Title: Small Great Things
Author: Jodi Picoult
Publication Date: October 11, 2016
Publisher: Ballantine Books
Source: Publisher (ALA)
Format: Paperback ARC
Age Group: Adult
Genre: Literary Fiction
Ruth Jefferson is a labor and delivery nurse at a Connecticut hospital with more than twenty years' experience. During her shift, Ruth begins a routine checkup on a newborn, only to be told a few minutes later that she's been reassigned to another patient. The parents are white supremacists and don't want Ruth, who is African American, to touch their child. The hospital complies with their request, but the next day, the baby goes into cardiac distress while Ruth is alone in the nursery. Does she obey orders or does she intervene?
Ruth hesitates before performing CPR and, as a result, is charged with a serious crime. Kennedy McQuarrie, a white public defender, takes her case but gives unexpected advice: Kennedy insists that mentioning race in the courtroom is not a winning strategy. Conflicted by Kennedy's counsel, Ruth tries to keep life as normal as possible for her family—especially her teenage son—as the case becomes a media sensation. As the trial moves forward, Ruth and Kennedy must gain each other's trust, and come to see that what they've been taught their whole lives about others—and themselves—might be wrong.
With incredible empathy, intelligence, and candor, Jodi Picoult tackles race, privilege, prejudice, justice, and compassion—and doesn't offer easy answers. Small Great Things is a remarkable achievement from a writer at the top of her game.
- Nelson Mandela
I can't think of a better time to read this book given the rise of racially-charged issues this nation is currently facing. Every day, it seems, the news reports on a police officer shooting an innocent victim. And unfortunately, the victim is usually a black person.
That's why it is refreshing to see this sensitive and pertinent topic handled by three differing points of view. There's Ruth, a labor and delivery nurse; there's Turk, a member of the Klan; and there's Kennedy, a public defender. Ruth and Turk reside on opposite sides of the spectrum given that Ruth is black and Turk hates black people and Kennedy stands somewhere in the middle - not a racist but generally unaffected by the racial climate. Until she has to defend Ruth for meddling with Turk's baby.
At the beginning of the story, these three characters would definitely have something to say about racism and police shootings.
Ruth would say that a Huffington Post article states that as of July this year, 194 black individuals have been shot by police.
Turk would say that killedbypolice.net shows that 868 deaths by police have occurred this year and the majority murdered are most likely white people.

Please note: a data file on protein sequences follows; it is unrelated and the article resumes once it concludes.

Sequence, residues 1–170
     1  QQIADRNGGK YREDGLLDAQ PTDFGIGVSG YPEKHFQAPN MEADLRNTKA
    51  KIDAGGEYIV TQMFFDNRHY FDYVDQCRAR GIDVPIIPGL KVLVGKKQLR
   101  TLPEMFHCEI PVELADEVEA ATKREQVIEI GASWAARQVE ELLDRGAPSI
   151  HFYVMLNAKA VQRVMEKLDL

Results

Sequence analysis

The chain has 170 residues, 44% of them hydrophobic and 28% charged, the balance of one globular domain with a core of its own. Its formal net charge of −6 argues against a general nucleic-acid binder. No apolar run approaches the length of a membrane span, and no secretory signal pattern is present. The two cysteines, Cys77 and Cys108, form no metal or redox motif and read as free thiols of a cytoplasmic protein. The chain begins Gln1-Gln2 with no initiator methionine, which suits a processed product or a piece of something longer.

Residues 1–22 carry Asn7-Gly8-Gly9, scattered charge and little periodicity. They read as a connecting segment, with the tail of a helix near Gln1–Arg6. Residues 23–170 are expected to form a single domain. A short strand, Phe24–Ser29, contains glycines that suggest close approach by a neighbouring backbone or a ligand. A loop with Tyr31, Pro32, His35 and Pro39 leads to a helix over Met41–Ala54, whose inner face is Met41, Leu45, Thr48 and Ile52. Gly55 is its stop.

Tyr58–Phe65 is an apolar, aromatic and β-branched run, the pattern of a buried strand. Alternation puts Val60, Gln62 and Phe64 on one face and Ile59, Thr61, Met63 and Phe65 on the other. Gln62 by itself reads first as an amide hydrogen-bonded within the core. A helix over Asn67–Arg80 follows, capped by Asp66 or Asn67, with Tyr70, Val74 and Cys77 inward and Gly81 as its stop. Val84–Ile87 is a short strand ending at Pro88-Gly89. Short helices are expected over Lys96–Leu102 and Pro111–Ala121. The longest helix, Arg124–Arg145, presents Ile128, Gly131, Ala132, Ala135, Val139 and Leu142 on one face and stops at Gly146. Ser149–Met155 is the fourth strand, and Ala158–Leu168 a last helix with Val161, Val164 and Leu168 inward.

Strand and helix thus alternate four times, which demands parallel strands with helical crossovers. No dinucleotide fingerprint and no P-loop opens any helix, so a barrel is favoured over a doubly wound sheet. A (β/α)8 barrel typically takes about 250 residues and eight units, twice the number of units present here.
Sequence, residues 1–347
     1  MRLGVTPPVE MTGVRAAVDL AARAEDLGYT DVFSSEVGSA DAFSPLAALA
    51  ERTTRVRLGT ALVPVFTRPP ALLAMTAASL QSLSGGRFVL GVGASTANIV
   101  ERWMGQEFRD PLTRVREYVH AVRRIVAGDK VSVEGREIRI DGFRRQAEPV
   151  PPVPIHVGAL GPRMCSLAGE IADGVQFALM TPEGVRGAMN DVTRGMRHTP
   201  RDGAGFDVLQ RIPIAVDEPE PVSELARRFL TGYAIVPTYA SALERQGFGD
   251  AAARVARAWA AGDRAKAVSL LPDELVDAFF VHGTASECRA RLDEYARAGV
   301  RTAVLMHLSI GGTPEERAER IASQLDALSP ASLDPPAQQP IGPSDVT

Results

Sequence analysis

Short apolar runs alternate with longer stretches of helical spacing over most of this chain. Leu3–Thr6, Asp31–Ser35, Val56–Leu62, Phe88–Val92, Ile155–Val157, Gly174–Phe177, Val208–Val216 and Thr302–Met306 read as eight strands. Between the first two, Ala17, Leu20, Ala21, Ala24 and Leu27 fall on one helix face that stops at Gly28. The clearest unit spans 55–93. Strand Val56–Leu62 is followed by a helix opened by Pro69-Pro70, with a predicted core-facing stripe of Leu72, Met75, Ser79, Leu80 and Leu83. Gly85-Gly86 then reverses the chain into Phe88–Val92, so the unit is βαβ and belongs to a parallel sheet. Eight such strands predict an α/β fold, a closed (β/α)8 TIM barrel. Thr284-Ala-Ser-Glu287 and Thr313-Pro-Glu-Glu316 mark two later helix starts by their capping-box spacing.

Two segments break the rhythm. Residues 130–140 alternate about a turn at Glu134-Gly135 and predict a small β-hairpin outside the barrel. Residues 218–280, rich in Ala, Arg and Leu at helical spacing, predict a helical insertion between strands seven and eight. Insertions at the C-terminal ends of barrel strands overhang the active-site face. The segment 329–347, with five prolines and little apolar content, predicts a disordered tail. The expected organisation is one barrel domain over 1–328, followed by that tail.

Kennedy would say that the issue is most likely systemic. That the police force and the community need to start working towards trusting each other again.
Towards the end, these characters definitely sing a different tune. And the changes all three go through is the heart of the story. And although everything seems to end a bit too neatly, I didn't mind in the slightest. Turk was definitely the character most unlike me which is why I thought he was the most captivating. It's also fascinating to see what makes people turn to groups with this mass mentality and a targeted mindset such as the KKK, or cults, or organized militia groups.
Picoult includes an Author's Note at the end of the book and after reading it, I realize that Kennedy represents exactly how she felt before delving into all the research she did for this novel - someone who is not racist but also someone who truly, deep down, doesn't understand the challenges that come from suffering from racist views. Call this ignorance. Call this a difference in life perspective. Call this whatever you like. The important thing is that reading this book may change the way you look at the topic and compel you to question it, and possibly, help you figure out a way to contribute to the cause rather than passively consider it.
And I'm pretty sure that this book will stir up some level of controversy. Simply for the fact that it tackles a highly debatable subject and certainly for those who are steadfast proponents of this whole "own voice" movement, which I truly don't understand. From the dawn of man, authors have repeatedly tackled issues that do not necessarily sprout from their own experiences and this is a good thing! It shows that the author was passionate and courageous enough to write it and get the dialogue going. So Bravo! to Mrs. Picoult. Needless to say, I highly recommend this one.